John Lanchester's new novel "The Wall" imagines Britain after "The Change." Following a dramatic shift in temperature and sea levels, the U.K. has barricaded off what remains of the coastline; in Lanchester's dystopia, there aren't any beaches left.
Young citizens bore no responsibility for any of this, but they're the ones who must guard the wall and violently repel increasingly desperate migrants, known as "The Others." If they fail, the young are themselves cast out to sea as punishment. Not surprisingly, they're pretty unhappy about their lot.
"None of us can talk to our parents," says Kavanagh, the novel's protagonist. "It's guilt: mass guilt, generational guilt. The olds feel they irretrievably f*cked up the world, then allowed us to be born into it. You know what? It's true. That's exactly what they did. They know it, we know it. Everybody knows it."
It's a sentiment shared no doubt by the schoolchildren protesting around the world on Friday to demand far more decisive action on climate change. Inspired by 16-year old Greta Thunberg's weekly vigil outside Sweden's parliament, the movement has expanded to dozens of countries, including the U.S. Thunberg has been nominated for a Nobel Peace Prize.
Can you really blame the kids? The planet has warmed by "only" about 1 degree Celsius (1.8 Fahrenheit) since pre-industrial times and yet the destructive effects of climate change have become frighteningly apparent. The heatwaves, floods, deadly wildfires and violent hurricanes we've experienced lately are mild compared to what our children will contend with. The world is on track to heat up by more than 3 degrees by 2100 and the warming won't miraculously stop then.
"The climate system that raised us, and raised everything we now know as human culture and civilization, is now, like a parent, dead," writes David Wallace-Wells in "The Uninhabitable Earth." Unfortunately, this isn't another Lanchester-like work of speculative fiction. It's non-fiction.
Wallace-Wells' book documents the horrors and chaos that those cutting class on Friday want to avoid: Tens of millions of climate refugees, trillions of dollars of economic damage, deadly heat, fresh-water scarcity (the glaciers of the Himalayas will lose at least 40 percent of their ice by 2100, he notes) and "much more fire, much more often, burning much more land." A single California wildfire can undo all the emissions gains made that year via the state's environmental policies, just one of several terrifying climate feedback loops he describes.
Wallace-Wells' writing is of course more vivid than the conservative, consensus-driven reports produced by the UN's Intergovernmental Panel on Climate Change. A journalist, not a scientist, he makes no attempt to hide his alarm nor pull his punches about who to blame. Why should he?
More than half of fossil fuel-related emissions have occurred in the past 30 years, during which humans have known this will make the earth far less hospitable. Thanks to Asian demand, we consume 80 percent more coal today than in 2000. Destroying the environmental conditions that gave rise to the human species "has been the work of a single generation," Wallace-Wells writes.
We adults are proud of the progress we've made in other areas - life expectancy, equal rights, education and poverty, to name a few. But when later historians write about this period, that isn't what they'll remember. Despite the rapid adoption of wind and solar power, big improvements in energy efficiency and electric vehicles, our carbon emissions are still rising. We're locking in more destruction for our kids to cope with.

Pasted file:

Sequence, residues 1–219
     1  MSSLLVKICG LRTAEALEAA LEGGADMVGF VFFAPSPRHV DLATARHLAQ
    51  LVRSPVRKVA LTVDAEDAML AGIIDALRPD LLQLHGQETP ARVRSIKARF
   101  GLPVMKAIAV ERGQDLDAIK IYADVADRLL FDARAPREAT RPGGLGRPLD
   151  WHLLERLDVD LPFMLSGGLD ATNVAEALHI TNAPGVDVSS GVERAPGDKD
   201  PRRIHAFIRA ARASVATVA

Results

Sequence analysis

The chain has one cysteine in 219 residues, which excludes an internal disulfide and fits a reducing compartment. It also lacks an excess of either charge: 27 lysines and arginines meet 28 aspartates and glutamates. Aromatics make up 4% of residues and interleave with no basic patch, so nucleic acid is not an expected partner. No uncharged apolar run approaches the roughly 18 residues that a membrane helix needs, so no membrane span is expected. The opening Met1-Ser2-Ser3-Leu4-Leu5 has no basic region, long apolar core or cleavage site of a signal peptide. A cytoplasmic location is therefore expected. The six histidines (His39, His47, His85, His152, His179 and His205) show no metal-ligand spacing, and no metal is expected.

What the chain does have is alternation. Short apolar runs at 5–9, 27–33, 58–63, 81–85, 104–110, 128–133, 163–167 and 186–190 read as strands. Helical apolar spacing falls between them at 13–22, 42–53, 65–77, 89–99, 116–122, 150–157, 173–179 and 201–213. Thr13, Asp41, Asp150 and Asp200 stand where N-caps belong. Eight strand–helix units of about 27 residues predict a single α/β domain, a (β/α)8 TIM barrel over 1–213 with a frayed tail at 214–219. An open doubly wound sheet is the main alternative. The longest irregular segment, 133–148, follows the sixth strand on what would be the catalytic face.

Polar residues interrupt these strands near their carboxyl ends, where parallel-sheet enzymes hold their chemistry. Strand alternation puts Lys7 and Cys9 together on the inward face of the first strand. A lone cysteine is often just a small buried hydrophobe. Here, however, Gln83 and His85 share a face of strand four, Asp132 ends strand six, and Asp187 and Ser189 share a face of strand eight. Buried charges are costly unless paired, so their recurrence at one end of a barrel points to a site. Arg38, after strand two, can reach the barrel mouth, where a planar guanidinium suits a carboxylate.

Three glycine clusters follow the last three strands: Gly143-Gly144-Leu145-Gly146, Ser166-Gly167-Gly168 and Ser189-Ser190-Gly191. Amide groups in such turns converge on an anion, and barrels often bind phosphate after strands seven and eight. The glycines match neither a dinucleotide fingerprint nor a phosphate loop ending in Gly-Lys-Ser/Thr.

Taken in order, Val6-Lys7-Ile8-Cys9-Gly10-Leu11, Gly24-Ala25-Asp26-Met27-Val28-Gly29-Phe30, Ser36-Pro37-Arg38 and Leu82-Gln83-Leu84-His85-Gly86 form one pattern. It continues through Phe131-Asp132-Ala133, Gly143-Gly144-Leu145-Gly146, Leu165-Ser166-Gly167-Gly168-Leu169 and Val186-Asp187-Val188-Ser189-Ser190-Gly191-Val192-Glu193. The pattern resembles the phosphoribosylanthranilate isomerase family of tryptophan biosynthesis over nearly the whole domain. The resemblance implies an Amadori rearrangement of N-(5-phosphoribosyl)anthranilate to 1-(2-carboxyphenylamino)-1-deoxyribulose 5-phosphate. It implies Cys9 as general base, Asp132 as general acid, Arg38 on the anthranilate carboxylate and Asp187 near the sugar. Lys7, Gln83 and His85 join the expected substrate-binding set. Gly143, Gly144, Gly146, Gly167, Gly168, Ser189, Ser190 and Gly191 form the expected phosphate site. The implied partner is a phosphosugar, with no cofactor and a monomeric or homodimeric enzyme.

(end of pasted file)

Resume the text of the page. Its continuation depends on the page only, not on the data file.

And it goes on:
Linking the Fridays For Future movement and young people's enthusiasm for policies like the Green New Deal is the belief that the time for incrementalism is over. Yet governments and corporate bosses continue to drag their heels. Even those, like Germany's Angela Merkel, who support the kids' right to protest are guilty. Supposedly a climate leader, Germany is recklessly phasing out nuclear power but plans to continue burning coal for another two decades.
Car manufacturers like Fiat Chrysler Automobiles NV tout their electric plans while gorging on U.S. truck and SUV sales. In mining, Glencore Plc is committed to capping coal production at current levels to appease climate-concerned investors, yet it expects fat profits from coal this year, and probably will for years to come. Airlines talk about carbon offsets but they're banking on so much growth that their emissions might rise sevenfold by 2050.
Telling teenagers to be patient or realistic, as Sen. Dianne Feinstein, D-Calif., tried to do, won't wash. With the United Nations warning that we have only 12 years to fix the crisis, kids aren't inclined to hang around.
It's even more reprehensible that some adults are trying to stymie even our insufficient climate-change efforts, by maligning experts and retreating from international cooperation. President Donald Trump, who wants to withdraw from the Paris climate accord, happily expresses his skepticism about the science, but often demonstrates his total ignorance of the subject in the process.
His rise showed the oncoming cataclysm still wasn't a big enough priority for many Americans of voting age in 2016. If he's re-elected in 2020, the die casting today's adults as climate villains will have been cast. Three cheers for the kids, then.
Chris Bryant is a Bloomberg Opinion columnist covering industrial companies. He previously worked for the Financial Times.